FOR IMMEDIATE RELEASE07-22
Friday, May 11, 2007
CONTACT: Anne Canty, Ian Michaels
DEP Investigating a Potential PERC Source; All New Water Samples Meet Regulatory Standards
None of the 24 water sample results received by the New York City Department of Environmental Protection (DEP) this morning has exceeded regulatory standards for tetrachloroethylene (PERC), and 21 contained no PERC at all. The samples, taken from sections of the St. Albans, Hollis, Cambria Heights, and Queens Village neighborhoods in Queens, indicate that the average PERC level continues to decline, with the average from the above 24 samples at 0.2 parts per billion (ppb), significantly below the US Environmental Protection Agency’s maximum contaminant level of 5 ppb.
Since Monday, DEP has committed all available resources in response to minute amounts of PERC detected during routine water sampling earlier this week in sections of the St. Albans, Cambria Heights, Queens Village and Hollis neighborhoods in Queens. Citywide tests show no detectable PERC outside these localized areas. PERC is a chemical commonly used in dry cleaning and auto-body repair.
To date DEP has analyzed 105 samples from the relevant area. Of these:
- 55 samples detected no presence of PERC.
- 50 of the samples detected PERC, and 20 of these demonstrated levels of PERC above 5 ppb, though none of these have occurred since early Thursday.
- The average PERC level for these 105 samples was 2.3 ppb, far below the regulatory standard.
In addition, DEP inspectors discovered an illegal connection to the City’s drinking water system at Cambria Car Wash, located at 208-15 Linden Boulevard in Queens, late yesterday evening. The owner of the car wash is cooperating with DEP’s efforts to determine the source of contamination, and has voluntarily granted DEP permission to terminate the illegal connection and to test a groundwater well located on the premises. Until test results are received, DEP cannot determine whether or not the car wash is a source of the PERC. To date, DEP has surveyed 349 businesses located in this area of southeast Queens and will continue further inspections.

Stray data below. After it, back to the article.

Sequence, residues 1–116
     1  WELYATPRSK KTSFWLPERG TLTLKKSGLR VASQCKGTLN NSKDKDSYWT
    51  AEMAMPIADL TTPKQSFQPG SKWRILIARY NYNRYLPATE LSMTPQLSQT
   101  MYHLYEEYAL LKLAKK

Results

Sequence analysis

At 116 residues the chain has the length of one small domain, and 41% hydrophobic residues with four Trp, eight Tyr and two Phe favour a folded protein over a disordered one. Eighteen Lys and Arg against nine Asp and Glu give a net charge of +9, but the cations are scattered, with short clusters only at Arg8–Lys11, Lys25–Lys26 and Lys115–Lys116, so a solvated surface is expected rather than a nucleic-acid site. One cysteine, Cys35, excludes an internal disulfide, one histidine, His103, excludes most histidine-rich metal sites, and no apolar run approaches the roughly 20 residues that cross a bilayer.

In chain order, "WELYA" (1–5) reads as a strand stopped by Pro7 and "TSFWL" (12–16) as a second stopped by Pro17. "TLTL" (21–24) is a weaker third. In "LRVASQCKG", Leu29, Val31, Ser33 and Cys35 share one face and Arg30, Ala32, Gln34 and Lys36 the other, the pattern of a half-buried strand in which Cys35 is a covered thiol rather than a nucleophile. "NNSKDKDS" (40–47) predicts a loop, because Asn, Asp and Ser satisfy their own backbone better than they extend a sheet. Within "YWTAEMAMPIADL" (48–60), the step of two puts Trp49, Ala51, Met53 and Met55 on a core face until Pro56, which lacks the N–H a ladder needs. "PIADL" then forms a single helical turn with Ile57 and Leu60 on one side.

DEP’s efforts in the Queens area have included extensive public outreach, with flyers distributed to nearly all of the 12,000 residences in the potentially contaminated area; the flushing of hydrants to drain the contaminated water from the local distribution network; and the comprehensive inspection of local businesses to check for potentially faulty water/sewer connections, which led DEP inspectors to identify the illegal connection at Cambria Car Wash last night.
Any potential health effects would depend on the duration and concentration of exposure to PERC. No known long- or short-term health problems would be expected from the concentrations detected in Queens for people drinking, cooking or bathing in the water for a matter of weeks. DEP has a resource center on site at Springfield Boulevard between 110th and 112th Avenues to provide information to local residents. Information is also available on DEP’s website at nyc.gov/DEP. Residents with non-emergency questions can call the City’s helpline at 3-1-1.